Yesterday was Pink Shirt Day, it's a day dedicated to ending bullying. Now if you didn't wear a pink shirt, don't feel too bad, because unless you spent the day threatening someone with violence and having to be physically restrained, you're still one up on Conservative MP Ron Cannan.

Because it was on Pink Shirt Day that this backbencher MP chose to make a brave stand for bullies everywhere. Now he didn't ask Parliament why we don't have a national day for bullies, Camoflage Tank-Top Day if you will, he did one better; he brought the bullying to the House of Commons and threatened another MP with violence.

The scene more accustomed to taking place at recess by the bike racks occurred after NDP MP Dan Harris accused the International Trade Minister Ed Fast of making a handgun gesture at another NDP member. A few moments later Ron Cannan began yelling at Mr.Harris, going so far as even leaving his custom-molded backbench to storm the NDP seating area.

It's reported that Cannan became more "belingerant", telling Dan Harris that they should take this outside. Two other MPs had to intervene, restrain Cannan and escort him away. There is no word yet if Cannan was wearing a pink shirt at the time.

Now to his credit, in challenging another MP to a fight, Cannan did bring attention to the fact that bullying is a problem. However it us now who have to challenge Cannan to go outside the Parliament buildings, not to fight him of course, just to leave him there.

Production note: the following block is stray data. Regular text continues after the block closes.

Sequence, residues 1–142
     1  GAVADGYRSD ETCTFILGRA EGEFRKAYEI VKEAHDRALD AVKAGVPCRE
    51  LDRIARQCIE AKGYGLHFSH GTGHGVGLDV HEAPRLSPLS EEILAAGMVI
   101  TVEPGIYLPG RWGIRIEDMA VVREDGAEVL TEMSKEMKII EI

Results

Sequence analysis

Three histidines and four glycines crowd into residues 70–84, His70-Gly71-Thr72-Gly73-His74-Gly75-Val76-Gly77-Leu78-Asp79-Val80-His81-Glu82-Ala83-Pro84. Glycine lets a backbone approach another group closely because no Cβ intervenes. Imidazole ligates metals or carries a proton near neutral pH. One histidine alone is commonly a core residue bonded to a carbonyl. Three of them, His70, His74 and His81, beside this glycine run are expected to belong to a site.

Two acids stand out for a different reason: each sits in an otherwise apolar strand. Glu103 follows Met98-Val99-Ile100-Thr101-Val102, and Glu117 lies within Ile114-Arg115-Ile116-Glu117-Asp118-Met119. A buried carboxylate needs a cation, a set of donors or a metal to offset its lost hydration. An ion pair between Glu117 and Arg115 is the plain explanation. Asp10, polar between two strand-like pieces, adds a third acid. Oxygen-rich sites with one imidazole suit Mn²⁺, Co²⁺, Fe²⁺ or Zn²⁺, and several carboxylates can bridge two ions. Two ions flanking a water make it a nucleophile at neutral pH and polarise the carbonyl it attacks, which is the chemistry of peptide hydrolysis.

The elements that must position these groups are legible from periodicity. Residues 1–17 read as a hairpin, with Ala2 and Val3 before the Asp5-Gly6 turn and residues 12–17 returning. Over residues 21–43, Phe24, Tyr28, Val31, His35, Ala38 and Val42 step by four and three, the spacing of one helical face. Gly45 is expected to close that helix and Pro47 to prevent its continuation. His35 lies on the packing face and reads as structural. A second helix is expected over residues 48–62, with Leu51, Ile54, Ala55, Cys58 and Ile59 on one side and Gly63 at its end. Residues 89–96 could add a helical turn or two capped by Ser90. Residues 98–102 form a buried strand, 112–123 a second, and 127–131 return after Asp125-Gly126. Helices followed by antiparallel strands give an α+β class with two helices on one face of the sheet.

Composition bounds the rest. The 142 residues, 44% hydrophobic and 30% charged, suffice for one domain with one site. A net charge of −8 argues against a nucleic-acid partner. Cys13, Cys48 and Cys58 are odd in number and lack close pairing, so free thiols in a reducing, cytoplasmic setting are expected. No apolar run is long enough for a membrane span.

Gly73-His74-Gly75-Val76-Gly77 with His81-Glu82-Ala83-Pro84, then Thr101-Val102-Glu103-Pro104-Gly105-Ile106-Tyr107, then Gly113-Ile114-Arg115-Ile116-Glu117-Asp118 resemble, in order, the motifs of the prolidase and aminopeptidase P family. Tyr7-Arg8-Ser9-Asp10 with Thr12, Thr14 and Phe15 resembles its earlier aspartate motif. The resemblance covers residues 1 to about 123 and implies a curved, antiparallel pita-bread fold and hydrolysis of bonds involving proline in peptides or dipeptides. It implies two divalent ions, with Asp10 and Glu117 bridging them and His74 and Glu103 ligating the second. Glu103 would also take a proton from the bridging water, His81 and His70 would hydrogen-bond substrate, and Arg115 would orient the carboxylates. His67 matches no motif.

Tuesday, April 08, 2014

Quebec Election Shows Hypocrisy On Clarity Act

Stephen Harper, Justin Trudeau, and Andrew Coyne, among others, are wrong to suggest separatism was recently defeated by Quebec voters. Well they aren't just wrong, they're hypocritical.

Since the close defeat of separatism in the 1995 referendum, federalists have demanded a clear question for any public decision on Quebec sovereignty. Parliament even passed the Clarity Act, enshrining such a requirement into law.

Considering the need therefore of a clear question to decide whether Quebeckers want to stay in Canada or not, it is mind-blowing to see our country's politicians and pundits claim that the Parti Quebecois's election loss proved voters rejected sovereignty. Not only because there wasn't clarity in the question of separation, but because there wasn't even a question.

If such an extrapolation of a general election's results was valid then the converse would be too, and I don't think anyone would say Quebeckers would have clearly decided to separate if the PQ just got 41% of the vote.

Now many in Quebec don't support the Clarity Act, not just because it requires a clear referendum question but because it importantly stipulates that any vote to separate can only succeed with a clear majority. But if federalists want separatists to honour the Clarity Act, then federalists should honour it too. 

Our country's leaders were wrong to suggest the PQ's election loss was a clear rejection of separatism by Quebeckers just as separatists would be wrong to declare an election victory as a mandate to separate.

The only way Quebeckers can reject or accept sovereignty is by a referendum with a clear question, to suggest that this election sufficiently sufficed as that referendum contravenes the very laws federalists supposedly support.

If Prime Minister Harper, Liberal Leader Justin Trudeau and others continue to claim the election results do mean Quebeckers rejected separatism, than the Clarity Act is worthless. At least that much is clear.